1. The predecessor-in-interest of the present petitioners, Priyokumar Singh, had approached this Court initially in its writ jurisdiction feeling aggrieved at the-withdrawal of electrical energy which he was enjoying since long. Priyokumar Singh had initially installed an Atta Mill in 1952. In 1967, he was given a licence to carry on the rice milling operation. Subsequently, in 1970, he was registered as a consumer of 20 H. P. A call was given in 1971 by the Director of Industries, Government of Manipur, to modernise the rire milling equipments, and Priyokumar Singh was one such person to respond to the call and he, by discarding conventional types of machineries, installed a modern rice mill. This modern type of mill needed 45 H. P. to run it properly. Prayer for additional 15 H. P. only was, however, granted and Priyokumar Singh deposited the necessary money in 1973. So the mill-owner got 35 H. P. in all. The Assistant Engineer of the Electricity Department, however, wrote to the Director of Industries on 11-6-75 that the existing load of 35 H. P. should be restricted only to the sanctioned Horse Power as per the valid licence. This communication was at the instruction of the Chief Minister, Government of Msnipur. Priyokumar Singh was given a licence on 20-8-75 for 45 H. P. and the Director of Industries wrote to the Superintending Engineer (Electricity) to allot power load of 45 H. P. The Assistant, Engineer, Central Sub-Division, was thereafter asked by the Executive Engineer to restore the load of 35 H. P. Another communication came from the Secretary, Electricity Department, to withdraw supply of 25 H. P. Something was said in this communication as to why the mill should be working in the night time against the orders issued in this regard. This time, the Minister, Power, had issued the instructions. So Priyo-kumar Singh was informed that out of the sanctioned 35 H. P., he would get only 25 H. P. This order was passed on 15-11-1975.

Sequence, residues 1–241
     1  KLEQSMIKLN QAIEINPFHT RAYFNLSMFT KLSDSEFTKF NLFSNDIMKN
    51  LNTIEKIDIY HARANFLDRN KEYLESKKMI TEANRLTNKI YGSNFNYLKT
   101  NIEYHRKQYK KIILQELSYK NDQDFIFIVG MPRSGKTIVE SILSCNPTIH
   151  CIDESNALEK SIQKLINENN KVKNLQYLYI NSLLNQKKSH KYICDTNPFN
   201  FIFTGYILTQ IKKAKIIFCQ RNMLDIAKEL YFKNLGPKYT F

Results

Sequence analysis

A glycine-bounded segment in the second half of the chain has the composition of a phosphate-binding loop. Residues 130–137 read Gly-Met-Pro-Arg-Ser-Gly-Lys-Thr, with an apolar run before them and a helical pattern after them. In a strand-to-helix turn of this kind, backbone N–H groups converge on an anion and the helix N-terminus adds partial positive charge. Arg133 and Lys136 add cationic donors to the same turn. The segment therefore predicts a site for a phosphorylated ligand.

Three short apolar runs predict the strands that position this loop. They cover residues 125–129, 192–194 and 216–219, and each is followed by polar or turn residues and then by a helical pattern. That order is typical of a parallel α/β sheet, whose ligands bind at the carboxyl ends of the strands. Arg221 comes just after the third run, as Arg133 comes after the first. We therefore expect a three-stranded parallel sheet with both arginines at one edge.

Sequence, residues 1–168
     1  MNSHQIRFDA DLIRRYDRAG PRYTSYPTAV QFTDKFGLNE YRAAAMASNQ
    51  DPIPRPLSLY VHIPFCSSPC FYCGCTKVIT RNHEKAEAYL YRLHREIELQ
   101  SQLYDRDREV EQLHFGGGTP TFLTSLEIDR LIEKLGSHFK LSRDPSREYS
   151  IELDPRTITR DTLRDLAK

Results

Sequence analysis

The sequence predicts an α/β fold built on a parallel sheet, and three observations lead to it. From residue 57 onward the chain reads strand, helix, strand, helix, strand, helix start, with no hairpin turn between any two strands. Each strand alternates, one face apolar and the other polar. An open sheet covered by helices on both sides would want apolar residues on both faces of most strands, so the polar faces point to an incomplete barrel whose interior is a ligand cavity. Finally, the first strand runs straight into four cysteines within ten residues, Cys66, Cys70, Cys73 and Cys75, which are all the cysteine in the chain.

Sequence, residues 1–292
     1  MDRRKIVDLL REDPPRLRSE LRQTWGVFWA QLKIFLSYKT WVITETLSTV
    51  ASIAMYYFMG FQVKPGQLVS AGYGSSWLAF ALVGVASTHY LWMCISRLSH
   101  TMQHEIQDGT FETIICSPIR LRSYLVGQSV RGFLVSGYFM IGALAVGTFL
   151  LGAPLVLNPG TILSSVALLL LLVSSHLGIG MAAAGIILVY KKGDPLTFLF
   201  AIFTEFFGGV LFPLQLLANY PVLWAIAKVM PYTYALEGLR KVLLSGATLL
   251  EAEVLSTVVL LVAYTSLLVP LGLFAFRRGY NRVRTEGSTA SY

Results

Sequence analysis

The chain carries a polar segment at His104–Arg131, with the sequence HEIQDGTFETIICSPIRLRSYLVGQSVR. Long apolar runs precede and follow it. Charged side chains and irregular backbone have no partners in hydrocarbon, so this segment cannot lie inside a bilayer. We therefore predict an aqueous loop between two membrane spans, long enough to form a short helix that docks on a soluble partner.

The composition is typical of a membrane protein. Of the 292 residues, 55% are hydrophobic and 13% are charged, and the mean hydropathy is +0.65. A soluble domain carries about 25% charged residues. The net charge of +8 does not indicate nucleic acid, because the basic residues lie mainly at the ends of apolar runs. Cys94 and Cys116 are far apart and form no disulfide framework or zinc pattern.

2. The first round of litigation thereafter started and the petitioner approached this Court by way of an application under Article 226 of the Constitution which was registered as Civil Rule No. 84 of 1976. As this Article had been amended by 42nd Amendment Act in the mean time and as Section 21(4) of the Indian Electricity Act, 1910, (for short the Act), had provided for an alternative remedy, this Court ordered that the matter be either referred to an Electrical Inspector and decided by him or if the licensee or consumer so desires, determined by arbitration. The Electrical Inspector did not, however, give a final decision as he was stuck up with the question as to whether Clause 13 of the Terms and Conditions of Supply as mentioned in Appendix-A to the Mani-pur Electricity Supply Regulations did really empower the Government to direct disconnection of the supply for any 'other reasons considered proper by the Government'. As the consumer was left in lurch by the Electrical Inspector, he preferred an appeal to the Government as provided by Section 36(2) of the Act. This appeal has been rejected by Respondent No. 1.
3. Before adverting to the core of the matter, two preliminary points urged by the learned Advocate-General Mani-pur, who has appeared for the respondents and Sri Nilamani Singh, who takes his stand for the interveners, may be disposed of. The first point urged is related to the maintainability of the petition on the twin grounds of locus standi as well as absence of existing legal right. The question of locus standi has been raised because Priyokumar Singh had died after the Rule had been issued; but then his legal representatives were brought on record. Shri Nilamani Singh would say that the right which vested in Priyokumar Singh as a licensee did not pass on to his heirs and so they are not clothed with any right in them. We have not felt inclined to go into this aspect of the matter inasmuch as a licence in the name of Praphulla Singh, one of the legal representatives, brought on record, was issued by the Licensing Officer on 7-4-80. As such, the right of Praphulla Singh to come to this Court cannot be assailed. This apart, the law in regard to locus has been expanded so much that except for a busy body merely inter-meddling with the affairs of others, any person having sufficient interest in a matter can knock the door of a writ Court. Reference may only be made to the recent decision of the Supreme Court in S. P. Gupta v. Union of India, AIR 1982 SC 149, commonly known as Judges' Transfer case.